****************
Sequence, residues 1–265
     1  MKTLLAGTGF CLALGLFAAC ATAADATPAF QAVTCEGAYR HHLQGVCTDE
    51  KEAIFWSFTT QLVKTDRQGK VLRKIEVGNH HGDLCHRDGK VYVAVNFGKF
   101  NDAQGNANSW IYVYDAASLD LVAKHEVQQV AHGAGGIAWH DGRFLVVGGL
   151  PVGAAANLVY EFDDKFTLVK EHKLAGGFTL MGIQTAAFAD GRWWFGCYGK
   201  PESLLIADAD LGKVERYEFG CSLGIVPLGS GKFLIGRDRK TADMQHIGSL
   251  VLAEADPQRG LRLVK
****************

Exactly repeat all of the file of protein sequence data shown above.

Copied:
Sequence, residues 1–265
     1  MKTLLAGTGF CLALGLFAAC ATAADATPAF QAVTCEGAYR HHLQGVCTDE
    51  KEAIFWSFTT QLVKTDRQGK VLRKIEVGNH HGDLCHRDGK VYVAVNFGKF
   101  NDAQGNANSW IYVYDAASLD LVAKHEVQQV AHGAGGIAWH DGRFLVVGGL
   151  PVGAAANLVY EFDDKFTLVK EHKLAGGFTL MGIQTAAFAD GRWWFGCYGK
   201  PESLLIADAD LGKVERYEFG CSLGIVPLGS GKFLIGRDRK TADMQHIGSL
   251  VLAEADPQRG LRLVK